Upcoming Metal Releases 3/26/2017 – 4/1/2017
Jon is away again, so we all know what that means…
It’s a massive week for new releases, including two of my most anticipated albums of 2017 –what’s say we skip the preamble and get down to it?
Here are the new metal releases for the week of March 26, 2017 – April 1, 2017. Release dates are formatted according to proposed North American scheduling, if available. Expect to see the bulk of these records on shelves or distros on Friday unless otherwise noted or if labels and artists get impatient. Blurbs and designations are based on whether or not I have a lot to say about it.
See something we missed? Goofs? Let us know in the comments. Plus, as always, feel free to post your own shopping lists. Happy digging.
Please note: this is a review column and is not speculative. Any announced albums without preview material will not be covered. Additionally, any surprise releases which are uploaded after this is published will not be covered. This week: VI/Temple of Baal/The Order of Apollyon – Split
Pharmakon’s last record, 2014’s Bestial Burden, was my gateway into the world of power electronics. I fell hard for that album, in no small part because Margaret Chardiet takes a much more structured approach in her songwriting than a lot of other noise practitioners. Her songs are carefully composed rather than improvised, and the incorporation of vocals makes it much easier for the listener to find an entry point into the din. Basically, that album was about as accessible as noise gets while still being ungodly fucking abrasive. Contact very deliberately takes another step towards accessibility, or at least towards creating some kind of communion with the audience. The album is structured around the idea of trance states, with the structure of each side meant to mirror the four stages of a trance. As such, there’s an ebb and flow to Contact that wasn’t there on Bestial Burden. On “Nakedness of Need,” she doubles down on the abrasiveness, but on “Sleepwalking Form” she veers into more ambient territory not unlike Prurient’s more recent output. I had really high hopes for this one, and it definitely delivered – it’s a strong early contender for my album of the year.
Speaking of albums I fell hard for in 2014, that’s also when Falls of Rauros dropped their third full-length, Believe in No Coming Shore, which ended up being my album of the year. The black/folk tag here is a bit misleading, particularly since they’re a Bindrune band – they’re actually more like black metal with a serious 70s rock influence that’s even more pronounced on Vigilance Perennial. Overall, they sound a lot more confident on this record, and as a result they really stretch out and seem to take a lot more chances in terms of the songwriting. Aside from one brief instrumental track, all of the songs are over ten minutes in length, but there are enough movements and ideas within each track that none of them really feel anywhere near that long. The production values are slightly better here as well, and the guitar tones in particular sound much warmer and more varied. The closing duo of “Arrow & Kiln” and “Impermanence Streakt Through Marble” are just breathtaking in their scope and execution. Check back for a full stream later this week.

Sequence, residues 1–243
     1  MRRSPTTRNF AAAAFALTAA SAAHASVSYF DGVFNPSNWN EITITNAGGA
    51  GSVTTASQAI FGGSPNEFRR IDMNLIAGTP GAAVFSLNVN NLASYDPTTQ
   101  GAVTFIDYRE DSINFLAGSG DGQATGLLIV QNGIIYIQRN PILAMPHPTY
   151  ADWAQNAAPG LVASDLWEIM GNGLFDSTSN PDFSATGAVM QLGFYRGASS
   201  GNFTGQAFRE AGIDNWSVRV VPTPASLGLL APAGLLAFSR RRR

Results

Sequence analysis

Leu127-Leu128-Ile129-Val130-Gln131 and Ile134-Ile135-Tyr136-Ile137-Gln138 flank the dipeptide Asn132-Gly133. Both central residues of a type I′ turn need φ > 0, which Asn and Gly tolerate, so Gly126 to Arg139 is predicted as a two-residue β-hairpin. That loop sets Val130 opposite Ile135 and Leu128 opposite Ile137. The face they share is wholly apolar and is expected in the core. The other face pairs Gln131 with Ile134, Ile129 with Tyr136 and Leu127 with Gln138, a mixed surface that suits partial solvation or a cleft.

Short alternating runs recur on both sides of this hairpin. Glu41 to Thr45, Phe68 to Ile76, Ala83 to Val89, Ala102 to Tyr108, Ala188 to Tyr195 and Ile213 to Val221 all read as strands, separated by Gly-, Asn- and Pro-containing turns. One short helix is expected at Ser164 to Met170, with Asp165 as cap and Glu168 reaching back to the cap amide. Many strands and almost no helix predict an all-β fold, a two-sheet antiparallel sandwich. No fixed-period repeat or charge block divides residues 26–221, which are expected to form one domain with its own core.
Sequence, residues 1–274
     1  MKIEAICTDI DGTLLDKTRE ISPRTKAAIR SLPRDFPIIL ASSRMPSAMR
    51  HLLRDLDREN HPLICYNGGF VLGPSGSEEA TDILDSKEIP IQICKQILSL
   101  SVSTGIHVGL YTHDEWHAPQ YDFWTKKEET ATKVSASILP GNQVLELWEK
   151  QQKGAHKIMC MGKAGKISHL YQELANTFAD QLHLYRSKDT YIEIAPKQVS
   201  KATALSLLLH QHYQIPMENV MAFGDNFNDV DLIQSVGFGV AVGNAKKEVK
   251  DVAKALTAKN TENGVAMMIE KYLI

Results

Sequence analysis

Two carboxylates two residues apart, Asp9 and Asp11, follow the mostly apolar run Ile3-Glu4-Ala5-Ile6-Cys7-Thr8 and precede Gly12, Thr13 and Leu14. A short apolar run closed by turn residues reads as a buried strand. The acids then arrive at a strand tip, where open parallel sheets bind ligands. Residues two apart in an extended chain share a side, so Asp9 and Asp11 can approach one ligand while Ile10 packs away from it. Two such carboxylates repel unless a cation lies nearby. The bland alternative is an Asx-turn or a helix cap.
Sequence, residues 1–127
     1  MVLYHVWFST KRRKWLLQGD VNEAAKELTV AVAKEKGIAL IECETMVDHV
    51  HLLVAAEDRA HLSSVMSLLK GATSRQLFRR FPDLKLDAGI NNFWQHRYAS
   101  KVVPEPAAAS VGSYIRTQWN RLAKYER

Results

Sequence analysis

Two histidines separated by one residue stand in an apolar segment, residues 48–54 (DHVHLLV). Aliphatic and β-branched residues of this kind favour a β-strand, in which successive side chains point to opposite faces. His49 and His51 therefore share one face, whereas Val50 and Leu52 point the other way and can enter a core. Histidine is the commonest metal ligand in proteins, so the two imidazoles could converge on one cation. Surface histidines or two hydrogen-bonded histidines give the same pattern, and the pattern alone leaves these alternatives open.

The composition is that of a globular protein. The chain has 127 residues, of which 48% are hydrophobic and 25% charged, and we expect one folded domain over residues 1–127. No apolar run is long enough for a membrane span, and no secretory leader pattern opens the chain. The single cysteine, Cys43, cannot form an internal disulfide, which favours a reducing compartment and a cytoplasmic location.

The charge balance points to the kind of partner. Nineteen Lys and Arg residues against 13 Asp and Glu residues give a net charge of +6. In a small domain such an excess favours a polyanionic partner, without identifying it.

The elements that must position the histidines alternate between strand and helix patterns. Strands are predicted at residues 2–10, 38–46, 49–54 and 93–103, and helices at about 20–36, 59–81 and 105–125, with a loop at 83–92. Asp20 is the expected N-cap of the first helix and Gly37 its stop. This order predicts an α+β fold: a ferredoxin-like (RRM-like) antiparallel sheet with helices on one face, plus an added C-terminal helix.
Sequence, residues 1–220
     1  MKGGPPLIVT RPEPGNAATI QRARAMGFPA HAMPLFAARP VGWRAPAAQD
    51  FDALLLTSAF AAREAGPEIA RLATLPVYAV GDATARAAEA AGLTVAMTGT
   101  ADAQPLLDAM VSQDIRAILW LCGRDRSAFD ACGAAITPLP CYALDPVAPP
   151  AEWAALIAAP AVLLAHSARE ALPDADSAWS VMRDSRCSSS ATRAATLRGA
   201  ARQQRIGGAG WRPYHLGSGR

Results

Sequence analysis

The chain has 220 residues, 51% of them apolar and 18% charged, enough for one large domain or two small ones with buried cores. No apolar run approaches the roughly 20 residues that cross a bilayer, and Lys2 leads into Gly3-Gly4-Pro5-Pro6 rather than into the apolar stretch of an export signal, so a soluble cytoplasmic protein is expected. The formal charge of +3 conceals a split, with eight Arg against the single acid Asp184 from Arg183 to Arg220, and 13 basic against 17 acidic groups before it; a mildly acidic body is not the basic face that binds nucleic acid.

Coldfells- Coldfells | Bindrune Recordings | Black/Doom/Prog Metal | United States
I can't say enough great things about this project. We'll have a full album stream later this week but for now, here's an excerpt from my Editor's Choice:
The latest edition to the Bindrune records roster is a melodic and gothic doom outfit that recalls the best parts of early Paradise Lost without losing sight of the Appalachian fortress sound that makes that label’s roster so special - sharing members with Plaguewielder and Nechochwen will do that. Their upcoming self-titled record has already asserted complete dominance over my MP3 player. Gloomy and emotionally earnest, Coldfells is an early contender for best band of 2017, in my book.
Every time I fill in on this column, there’s always at least one band that wasn’t on my radar that ends up totally flooring me. This time it’s the genre-hopping Montreal outfit Show of Bedlam. The chameleonic quintet effortlessly move from Cult of Luna one moment to SubRosa the next, then throwing a little Oathbreaker in for good measure. Their secret weapon, though, is vocalist Paulina Richards, who anchors the whole thing with her strong, expressive cleans and equally emotive screams. “Hall of Mirrors” might be the best think I’ve heard this year.
Unfortunately, there are no preview tracks available for this one.
It’s a mystery to me why more metal bands don’t look to existentialist philosophers for ideas (and Nietzsche doesn’t count – he generally seemed more interested in critiquing Judeo-Christian morality than exploring the nature of existence). Just imagine what Watain or Behemoth could do with Kierkegaard’s The Sickness Unto Death, his treatise on man’s distance from God, as their lyrical inspiration? One-man Belgian outfit Imber Luminis uses Jean-Paul Sartre’s novel La Nausée as the basis for this concept album, and the existential dread of the subject matter pairs beautifully with their particular brand of post-blackened, atmospheric doom. Déhà’s vocal performance here is particularly strong, as he takes on the persona of protagonist Antoine Roquentin on his descent from ennui to eventually questioning the reality of his own existence. Really good, heady stuff.
Just when I had resolved to pretend that Mastodon broke up after Crack the Skye, they pull me right back in. Now, I’ve not heard the whole record yet—and since it’s a double album, there’s a better than average chance that there will be a fair amount of chaff on it—but I’m heartened by the fact that they’ve already released more good songs from Emperor of Sand (three) than there were on their previous two albums combined (one – “Octopus Has No Friends” from The Hunter). Call me cautiously optimistic on this one.
It’s been eight years since mysterious Norwegian troupe Slagmaur’s last full-length, so there’s been a considerable amount of buzz around this one. I’m not sure I get it, though – it’s certainly one of the stranger records I’ve heard recently, but it’s a self-conscious kind of strangeness that rings kind of hollow. Take away some of that calculated weirdness—like the slightly off-key piano on “Bestemor Sang Djevelord,” or the panoply of strange voices used by the vocalist(s? there might be more than one)—and it would probably be some fairly boilerplate second wave stuff. I wonder who the target audience is for this, but we'll be streaming the record later this week…